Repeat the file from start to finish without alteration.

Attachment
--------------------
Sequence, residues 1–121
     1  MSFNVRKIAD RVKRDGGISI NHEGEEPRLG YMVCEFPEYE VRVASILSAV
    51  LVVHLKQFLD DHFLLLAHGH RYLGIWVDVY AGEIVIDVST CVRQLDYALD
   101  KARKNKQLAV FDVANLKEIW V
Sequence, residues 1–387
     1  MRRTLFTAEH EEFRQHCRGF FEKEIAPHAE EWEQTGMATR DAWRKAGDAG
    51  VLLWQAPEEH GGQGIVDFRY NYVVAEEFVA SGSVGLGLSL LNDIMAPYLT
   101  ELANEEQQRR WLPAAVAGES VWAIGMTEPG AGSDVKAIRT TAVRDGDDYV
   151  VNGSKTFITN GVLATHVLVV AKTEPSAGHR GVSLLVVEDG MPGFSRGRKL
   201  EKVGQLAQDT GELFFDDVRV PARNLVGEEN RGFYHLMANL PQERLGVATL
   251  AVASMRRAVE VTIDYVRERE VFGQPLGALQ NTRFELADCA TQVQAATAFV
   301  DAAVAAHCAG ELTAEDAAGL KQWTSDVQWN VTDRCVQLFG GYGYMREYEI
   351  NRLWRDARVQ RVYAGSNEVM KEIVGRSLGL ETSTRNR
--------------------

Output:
Sequence, residues 1–121
     1  MSFNVRKIAD RVKRDGGISI NHEGEEPRLG YMVCEFPEYE VRVASILSAV
    51  LVVHLKQFLD DHFLLLAHGH RYLGIWVDVY AGEIVIDVST CVRQLDYALD
   101  KARKNKQLAV FDVANLKEIW V
Sequence, residues 1–387
     1  MRRTLFTAEH EEFRQHCRGF FEKEIAPHAE EWEQTGMATR DAWRKAGDAG
    51  VLLWQAPEEH GGQGIVDFRY NYVVAEEFVA SGSVGLGLSL LNDIMAPYLT
   101  ELANEEQQRR WLPAAVAGES VWAIGMTEPG AGSDVKAIRT TAVRDGDDYV
   151  VNGSKTFITN GVLATHVLVV AKTEPSAGHR GVSLLVVEDG MPGFSRGRKL
   201  EKVGQLAQDT GELFFDDVRV PARNLVGEEN RGFYHLMANL PQERLGVATL
   251  AVASMRRAVE VTIDYVRERE VFGQPLGALQ NTRFELADCA TQVQAATAFV
   301  DAAVAAHCAG ELTAEDAAGL KQWTSDVQWN VTDRCVQLFG GYGYMREYEI
   351  NRLWRDARVQ RVYAGSNEVM KEIVGRSLGL ETSTRNR